dc.description.abstractObjective. Spinal muscular atrophy (SMA) is common. The prevalence of SMA in southern Chinese is 1 in 53 000. The clinical course is variable. The traditional classification of SMA includes age of onset, age of death, achievement of motor milestones, and ambulatory status as criteria. There was a lack of inclusion of the best lifetime functional status of any child with SMA. With the advances in medical care, the life expectancy and ambulatory status of patients with SMA have improved. The objective of this study was to assess the survival pattern, ambulatory status, and functional status of children with SMA. Methods. Patients with SMA were recruited from the neuromuscular clinic of the Duchess of Kent Children's Hospital, which is a university-affiliated hospital, and the Families of SMA in Hong Kong. By September 2002, 102 SMA cases had been registered in the Duchess of Kent Children's Hospital neuromuscular clinic and Families of SMA registry, and 83 patients were analyzed. Among them, 39 were recruited for the administration of Functional Independence Measure for Children (WeeFIM), an assessment tool for functional status that has been previously validated by us for Chinese children. The diagnosis of SMA was made from clinical history, serum muscle enzyme, electromyography, muscle biopsy, and, recently, by molecular studies. In Hong Kong, molecular tests of the survivor motor neuron gene was available since 1995. A total of 36 in our cohort of 83 patients had the diagnosis confirmed with molecular analyses. We adopted the classification of SMA from previous studies in which the criteria were based on the International SMA consortium (1992) with modifications according to the 59th European Neuromuscular Center International Workshops. As only SMA patients with childhood onset were studied, we did not include any type IV patients in our study. Parents were interviewed and records were reviewed for demographic and clinical data, including age of onset, gender, family history, motor milestones, disease progression, loss of motor function, and involvement of respiratory or bulbar muscles. We define the age of disease onset as the age in which the first abnormalities were obvious from the medical records or from the descriptions of the parents about the first signs of weakness, eg, age of achievement of certain motor milestones or loss of functions. For the ambulatory status, we define "being ambulatory" as having the ability to walk for 100 meters, either with assistance such as calipers or walkers or without assistance. Actuarial survival curves were obtained by using the Kaplan-Meier method for calculating survival probabilities and probabilities of remaining ambulatory. The parents or the chief caregivers were interviewed for functional status using WeeFIM at the last registered date in September 2002. The WeeFIM consists of 3 domains: 1) self-care, 2) mobility, and 3) cognition. The self-care domain consists of 8 items, namely eating, grooming, bathing, dressing (upper body), dressing (lower body), toileting, and bladder and bowel management. The mobility domain consists of 5 items: transfer from chair or wheelchair, transfer to toilet, transfer to tub or shower, walking/wheelchair/ crawling distance, and moving up and down stairs. The cognition domain assesses comprehension, expression, social interaction, problem solving, and memory. A scoring scale from 1 to 7 was used (1 = total assistance, 2 = maximal assistance, 3 = moderate assistance, 4 = minimal contact assistance, 5 = supervision, 6 = modified independence, and 7 = complete independence). The maximum total WeeFIM score is 126, and the maximum score for self-care, mobility, and cognition are 56, 35, and 35, respectively. Results. For type I SMA (n = 22), the survival probabilities at 1, 2, 4, 10, and 20 years were 50%, 40%, 30%, 30%, and 30%, respectively. For type II SMA (n = 26), the survival probabilities at 1, 2, 4, 10, and 20 years were 100%, 100%, 100%, 92%, and 92%, respectively. Sixteen of the SMA I patients and 4 of the SMA II patients died of cardiorespiratory failure. The 5 surviving SMA I patients all were ventilator dependent. All SMA III patients were surviving at the time of study. The probability of remaining ambulatory at 2, 4, 10, and 20 years after onset was 100%, 100%, 81%, and 50% for type IIIa (age of onset <3 years) and 100%, 100%, 84%, and 68% for type IIIb (age of onset between 3 and 30 years), respectively. The interval between disease onset and inability to walk was 15.0 ± 10.9 years (mean ± standard deviation) and 21.2 ± 11.7 years for patients with SMA IIIa and IIIb, respectively. Only 39 patients participated in the WeeFIM interview as 20 had already died at the time of study and 24 refused participation. No difference could be found in the age of onset, gender, or types of SMA between those who participated (n = 39) and those who did not (n = 24). The mean total WeeFIM quotients were 24% for SMA type 1, 57% for SMA type 11, 75% for SMA type IIIa, and 78% for SMA type IIIb. For the self-care domain, 100% SMA type I and 73% SMA type II patients required assistance, whereas 55% and 63% of SMA types IIIa and IIIb patients achieved functional independence. Bathing and dressing (upper and lower body) were items with which most SMA children required help or supervision. For the mobility domain, assistance was needed in >90% of SMA types I, II, and IIIa and in 63% of SMA type IIIb patients. Stair management was the major obstacle for independence in achieving mobility for all types of SMA. For the cognition domain, performance was the best among the 3 domains, and 60% of SMA type II, 78% of SMA type IIIa, and 90% of SMA type IIIb patients achieved functional independence. However, except for SMA type IIIb, a significant proportion of patients still need assistance or supervision in the area of problem solving. Statistically significant differences were found in the WeeFIM scores between type I and type II and between type IIIa and IIIb patients. However, no significant difference could be observed between type II and type IIIa SMA patients in the overall WeeFIM scores or performance in any of the 3 domains. Conclusion. We found that there was improvement in survival in SMA patients as compared with other studies. Assistance or supervision was needed for the majority of SMA patients for both mobility and self-care domains. With improvement in survival as a result of medical advances, assessment of the most current or the best-ever functional status at a designated age might be an important criterion for classification of SMA. Copyright © 2004 by the American Academy of Pediatrics.en_HK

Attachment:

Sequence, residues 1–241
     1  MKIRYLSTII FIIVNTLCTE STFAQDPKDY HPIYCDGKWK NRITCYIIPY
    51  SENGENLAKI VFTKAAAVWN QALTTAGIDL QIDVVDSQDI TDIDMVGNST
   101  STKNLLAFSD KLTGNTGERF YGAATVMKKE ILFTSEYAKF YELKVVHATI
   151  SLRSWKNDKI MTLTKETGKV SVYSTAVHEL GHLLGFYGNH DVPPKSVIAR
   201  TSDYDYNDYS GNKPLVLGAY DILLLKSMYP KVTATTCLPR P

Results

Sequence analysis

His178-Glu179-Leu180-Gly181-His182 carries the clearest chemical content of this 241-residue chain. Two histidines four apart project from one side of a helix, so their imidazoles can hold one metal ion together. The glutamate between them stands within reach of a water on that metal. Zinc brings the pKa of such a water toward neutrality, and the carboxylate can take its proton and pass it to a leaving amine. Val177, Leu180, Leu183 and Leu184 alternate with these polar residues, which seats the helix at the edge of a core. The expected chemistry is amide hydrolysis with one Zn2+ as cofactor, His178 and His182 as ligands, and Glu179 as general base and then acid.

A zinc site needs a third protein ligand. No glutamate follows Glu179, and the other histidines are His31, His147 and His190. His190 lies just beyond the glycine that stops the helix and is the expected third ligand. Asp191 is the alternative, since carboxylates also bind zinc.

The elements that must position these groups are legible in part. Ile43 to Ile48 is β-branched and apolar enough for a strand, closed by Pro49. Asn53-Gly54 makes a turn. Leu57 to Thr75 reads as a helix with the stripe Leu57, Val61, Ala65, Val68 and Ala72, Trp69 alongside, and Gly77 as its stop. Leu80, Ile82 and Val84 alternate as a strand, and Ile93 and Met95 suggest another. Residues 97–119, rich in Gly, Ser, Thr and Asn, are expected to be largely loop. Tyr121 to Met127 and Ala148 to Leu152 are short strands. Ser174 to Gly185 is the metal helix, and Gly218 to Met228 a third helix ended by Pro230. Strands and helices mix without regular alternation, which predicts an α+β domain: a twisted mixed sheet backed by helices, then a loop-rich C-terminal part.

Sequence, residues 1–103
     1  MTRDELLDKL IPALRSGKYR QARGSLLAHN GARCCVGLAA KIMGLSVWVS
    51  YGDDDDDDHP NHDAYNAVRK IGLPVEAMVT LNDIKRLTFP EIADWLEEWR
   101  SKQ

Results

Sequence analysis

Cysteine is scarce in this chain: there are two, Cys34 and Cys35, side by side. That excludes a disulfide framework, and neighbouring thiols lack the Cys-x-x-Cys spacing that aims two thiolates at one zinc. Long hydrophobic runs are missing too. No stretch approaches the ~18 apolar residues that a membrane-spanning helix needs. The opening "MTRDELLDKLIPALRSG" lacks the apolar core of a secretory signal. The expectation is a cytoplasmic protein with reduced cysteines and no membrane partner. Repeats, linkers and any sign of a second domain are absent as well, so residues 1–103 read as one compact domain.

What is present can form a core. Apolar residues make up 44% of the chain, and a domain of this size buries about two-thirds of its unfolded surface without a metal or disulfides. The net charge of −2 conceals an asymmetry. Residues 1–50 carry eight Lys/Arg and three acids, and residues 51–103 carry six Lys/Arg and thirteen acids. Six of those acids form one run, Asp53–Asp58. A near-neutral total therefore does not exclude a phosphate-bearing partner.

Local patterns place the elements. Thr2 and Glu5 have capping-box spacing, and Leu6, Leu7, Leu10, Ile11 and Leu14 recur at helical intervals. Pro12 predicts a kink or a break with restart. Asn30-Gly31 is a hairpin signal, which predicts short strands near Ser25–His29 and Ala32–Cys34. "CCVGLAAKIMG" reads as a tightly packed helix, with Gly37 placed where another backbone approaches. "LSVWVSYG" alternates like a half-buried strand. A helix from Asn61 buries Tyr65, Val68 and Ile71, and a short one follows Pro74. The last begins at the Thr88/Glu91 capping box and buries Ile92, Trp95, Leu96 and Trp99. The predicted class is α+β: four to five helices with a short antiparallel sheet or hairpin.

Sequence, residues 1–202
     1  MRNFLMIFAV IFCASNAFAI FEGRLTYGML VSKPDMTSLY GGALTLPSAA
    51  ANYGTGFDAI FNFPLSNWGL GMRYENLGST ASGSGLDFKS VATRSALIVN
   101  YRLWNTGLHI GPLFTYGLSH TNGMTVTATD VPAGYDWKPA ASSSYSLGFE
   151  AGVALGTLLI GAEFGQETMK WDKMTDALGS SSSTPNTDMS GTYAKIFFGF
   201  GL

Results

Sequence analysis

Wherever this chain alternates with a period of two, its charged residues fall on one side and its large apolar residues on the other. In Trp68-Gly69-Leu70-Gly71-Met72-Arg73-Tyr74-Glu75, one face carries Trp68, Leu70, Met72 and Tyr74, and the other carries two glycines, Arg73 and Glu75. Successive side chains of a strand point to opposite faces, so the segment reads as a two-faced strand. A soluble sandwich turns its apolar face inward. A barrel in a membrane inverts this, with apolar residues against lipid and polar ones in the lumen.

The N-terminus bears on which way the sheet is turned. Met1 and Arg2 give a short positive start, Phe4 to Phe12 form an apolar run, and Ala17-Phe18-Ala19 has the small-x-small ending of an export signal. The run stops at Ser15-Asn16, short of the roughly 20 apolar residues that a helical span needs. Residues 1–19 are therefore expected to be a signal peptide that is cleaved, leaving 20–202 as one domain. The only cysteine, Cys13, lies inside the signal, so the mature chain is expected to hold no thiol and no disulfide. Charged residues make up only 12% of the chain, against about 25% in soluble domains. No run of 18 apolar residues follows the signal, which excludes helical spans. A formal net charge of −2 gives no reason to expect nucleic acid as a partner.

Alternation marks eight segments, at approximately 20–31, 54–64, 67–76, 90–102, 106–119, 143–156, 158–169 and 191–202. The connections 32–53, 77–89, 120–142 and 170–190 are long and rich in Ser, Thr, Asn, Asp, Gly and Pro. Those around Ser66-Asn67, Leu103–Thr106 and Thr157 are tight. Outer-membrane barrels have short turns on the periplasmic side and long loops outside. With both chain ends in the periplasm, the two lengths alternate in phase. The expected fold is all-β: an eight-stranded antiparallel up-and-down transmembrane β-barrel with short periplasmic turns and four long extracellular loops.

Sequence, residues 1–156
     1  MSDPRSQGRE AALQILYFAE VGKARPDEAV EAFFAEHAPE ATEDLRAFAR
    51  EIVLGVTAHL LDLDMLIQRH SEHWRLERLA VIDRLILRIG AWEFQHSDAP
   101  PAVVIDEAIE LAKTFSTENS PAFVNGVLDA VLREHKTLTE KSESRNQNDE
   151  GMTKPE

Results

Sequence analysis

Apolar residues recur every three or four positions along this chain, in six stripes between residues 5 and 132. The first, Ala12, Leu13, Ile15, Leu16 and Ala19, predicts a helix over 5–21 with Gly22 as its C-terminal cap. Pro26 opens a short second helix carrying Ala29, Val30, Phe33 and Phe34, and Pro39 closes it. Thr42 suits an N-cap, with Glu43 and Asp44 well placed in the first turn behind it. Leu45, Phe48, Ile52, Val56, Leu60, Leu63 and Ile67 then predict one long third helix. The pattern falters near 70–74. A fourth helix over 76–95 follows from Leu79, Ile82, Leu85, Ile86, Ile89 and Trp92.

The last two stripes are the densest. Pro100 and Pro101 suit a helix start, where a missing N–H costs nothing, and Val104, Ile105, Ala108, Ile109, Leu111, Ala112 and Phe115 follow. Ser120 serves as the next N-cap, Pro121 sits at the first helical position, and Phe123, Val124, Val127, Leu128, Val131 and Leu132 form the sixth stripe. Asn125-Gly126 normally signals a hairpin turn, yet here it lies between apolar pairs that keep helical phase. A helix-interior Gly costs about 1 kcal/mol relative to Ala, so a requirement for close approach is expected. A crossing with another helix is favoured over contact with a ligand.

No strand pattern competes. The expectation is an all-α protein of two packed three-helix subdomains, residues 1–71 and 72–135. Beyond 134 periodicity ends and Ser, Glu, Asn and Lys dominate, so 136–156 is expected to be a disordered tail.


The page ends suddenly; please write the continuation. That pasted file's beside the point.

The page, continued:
dc.languageengen_HK
dc.publisherAmerican Academy of Pediatrics. The Journal's web site is located at http://pediatrics.aappublications.org/en_HK
dc.relation.ispartofPediatricsen_HK
dc.subjectChinese childrenen_HK
dc.subjectFunctional Independence Measure for Childrenen_HK
dc.subjectSpinal muscular atrophyen_HK
dc.titleSpinal muscular atrophy: Survival pattern and functional statusen_HK
dc.typeArticleen_HK
dc.identifier.emailChung, BHY:bhychung@hku.hken_HK
dc.identifier.emailWong, VCN:vcnwong@hku.hken_HK
dc.identifier.emailIp, P:patricip@hku.hken_HK
dc.identifier.authorityChung, BHY=rp00473en_HK
dc.identifier.authorityWong, VCN=rp00334en_HK
dc.identifier.authorityIp, P=rp01337en_HK
dc.description.naturelink_to_subscribed_fulltext-
dc.identifier.doi10.1542/peds.2004-0668en_HK
dc.identifier.pmid15492357en_HK
dc.identifier.scopuseid_2-s2.0-16644394038en_HK
dc.relation.referenceshttp://www.scopus.com/mlt/select.url?eid=2-s2.0-16644394038&selection=ref&src=s&origin=recordpageen_HK
dc.identifier.volume114en_HK
dc.identifier.issue5en_HK
dc.identifier.spagee548en_HK
dc.identifier.epagee553en_HK
dc.identifier.isiWOS:000224842700050-
dc.publisher.placeUnited Statesen_HK
dc.identifier.scopusauthoridChung, BHY=7203043997en_HK
dc.identifier.scopusauthoridWong, VCN=7202525632en_HK
dc.identifier.scopusauthoridIp, P=7003622681en_HK